We’re facing times where we desire music that makes us feel good on a consistent basis. GRAMMY-nominated music producer Jerome Potter aka Jerome LOL, has mastered the craft of creating that exact euphoric feeling with the likes of Kanye West, Khalid, Tory Lanez, and a number of other Billboard heavyweights.
We had the opportunity to speak with Potter and gain insight into the impressive life and mind of this humble creative. Enjoy reading our exclusive interview with the music producer below. For more insightful Q and A interviews with awesome people in the music industry, check out our talk with Marshall Jefferson.
How did you get started in the music business?
I started playing the trombone and guitar when I was younger and eventually, my school counselor encouraged me to join a band. I joined a few throughout high school and realized that no one was making the kind of music I wanted to make. So, I got a keyboard and started making my own music in my bedroom around 16 years old.
I went to college in Minnesota and studied film and media. College was when I started to get a little more serious about making music. I was able to combine music and visuals for school, then started DJing at college parties and eventually, I got a radio show by senior year; I was in the 8pm-9pm Friday night slot.
One day, Spank Rock performed at my school and his DJs Devlin and Darko, introduced me to Serato, which allowed me to DJ the MP3s I had been collecting on turntables.
Fast forward to my post-college days, I couldn’t find a “real job” with my degree, so I decided to go all-in with making music.
Finally, I linked up with Sam, and we made underground dance music under the name DJ Dodger Stadium (now DJDS) on our label, Body High. We had the opportunity to work with a few great artists under that label including DJ Sliink and Daft Punk collaborator, Todd Edwards.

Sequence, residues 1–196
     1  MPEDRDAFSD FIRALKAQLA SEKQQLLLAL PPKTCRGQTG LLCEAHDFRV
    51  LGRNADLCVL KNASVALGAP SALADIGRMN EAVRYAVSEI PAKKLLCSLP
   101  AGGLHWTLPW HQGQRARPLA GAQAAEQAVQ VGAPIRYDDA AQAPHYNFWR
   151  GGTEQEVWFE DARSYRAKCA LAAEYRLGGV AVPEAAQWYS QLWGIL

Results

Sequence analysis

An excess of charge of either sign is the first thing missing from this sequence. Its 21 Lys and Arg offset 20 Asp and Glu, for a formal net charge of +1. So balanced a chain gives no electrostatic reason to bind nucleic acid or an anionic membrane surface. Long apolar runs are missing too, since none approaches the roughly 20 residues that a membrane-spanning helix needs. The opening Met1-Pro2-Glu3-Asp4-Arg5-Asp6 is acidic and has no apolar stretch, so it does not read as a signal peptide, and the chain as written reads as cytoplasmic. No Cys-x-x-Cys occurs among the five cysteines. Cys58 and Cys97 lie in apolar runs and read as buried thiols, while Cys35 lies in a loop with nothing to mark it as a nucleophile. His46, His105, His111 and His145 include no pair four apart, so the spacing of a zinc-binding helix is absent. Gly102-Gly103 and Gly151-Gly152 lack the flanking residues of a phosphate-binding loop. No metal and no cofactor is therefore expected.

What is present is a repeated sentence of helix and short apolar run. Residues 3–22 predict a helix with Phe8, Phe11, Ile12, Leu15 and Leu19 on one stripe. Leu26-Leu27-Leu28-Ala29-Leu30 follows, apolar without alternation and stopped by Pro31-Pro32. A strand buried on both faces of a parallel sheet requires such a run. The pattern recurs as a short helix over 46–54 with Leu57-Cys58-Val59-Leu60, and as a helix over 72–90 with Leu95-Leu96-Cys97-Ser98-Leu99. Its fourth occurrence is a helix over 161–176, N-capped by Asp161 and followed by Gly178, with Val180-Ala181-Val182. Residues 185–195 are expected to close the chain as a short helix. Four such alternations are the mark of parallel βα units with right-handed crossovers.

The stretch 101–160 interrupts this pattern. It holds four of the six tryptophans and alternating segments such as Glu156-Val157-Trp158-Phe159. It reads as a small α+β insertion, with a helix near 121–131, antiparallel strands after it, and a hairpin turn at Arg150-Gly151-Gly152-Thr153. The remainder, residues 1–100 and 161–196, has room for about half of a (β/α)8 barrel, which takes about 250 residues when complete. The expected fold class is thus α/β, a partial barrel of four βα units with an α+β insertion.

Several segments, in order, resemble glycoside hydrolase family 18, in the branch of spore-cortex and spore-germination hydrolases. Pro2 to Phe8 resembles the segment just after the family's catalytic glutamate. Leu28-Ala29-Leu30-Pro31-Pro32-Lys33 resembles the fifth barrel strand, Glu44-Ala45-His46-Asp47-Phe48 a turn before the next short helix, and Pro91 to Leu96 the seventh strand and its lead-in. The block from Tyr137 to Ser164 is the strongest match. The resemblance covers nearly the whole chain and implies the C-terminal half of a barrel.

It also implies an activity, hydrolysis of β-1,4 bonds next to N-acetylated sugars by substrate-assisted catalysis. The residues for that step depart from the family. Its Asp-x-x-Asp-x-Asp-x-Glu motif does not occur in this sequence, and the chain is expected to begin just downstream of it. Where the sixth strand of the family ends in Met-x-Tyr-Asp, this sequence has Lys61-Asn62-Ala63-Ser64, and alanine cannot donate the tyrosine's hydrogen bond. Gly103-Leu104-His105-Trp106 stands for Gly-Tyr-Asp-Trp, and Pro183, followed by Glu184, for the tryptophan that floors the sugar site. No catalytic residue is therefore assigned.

We started throwing warehouse parties to fund the label and got to work with a bunch of amazingly talented artists, both visually and sonically. Everything we were doing ultimately led us to create an album under the production name we went under, DJDS, formally known as DJ Dodger Stadium (we had to change the name before any legal action was action was taken by the actual Dodger Stadium).
Sam and I signed a record deal after with Loma Vista, and after all of the early energy of Body High, we began working on Kanye’s album, The Life of Pablo. Working on that album was an illuminating process.
I have writing and production credits on 5 of The Life of Pablo songs.
You’ve had a career filled with accomplishments and memorable moments. What would you say was the biggest “aha” moment where you thought, “Wow, I’m really doing this. I’ve really made it”.
Working on The Life of Pablo was absolutely it for me. It was a crash course in making music. Four weeks of keeping my head down and making music to fulfill a vision that is supposed to exist; that was incredible. In that time, I understood that I was a puzzle piece to a bigger picture, so my work was really being considered all in real time. Of course, during that process, I knew the entire team working on the album had more tools and expensive equipment, but it was inspiring to see they were determined to get it done with just hard work. Grinding was all it took – seeing that really changed my perspective as an artist.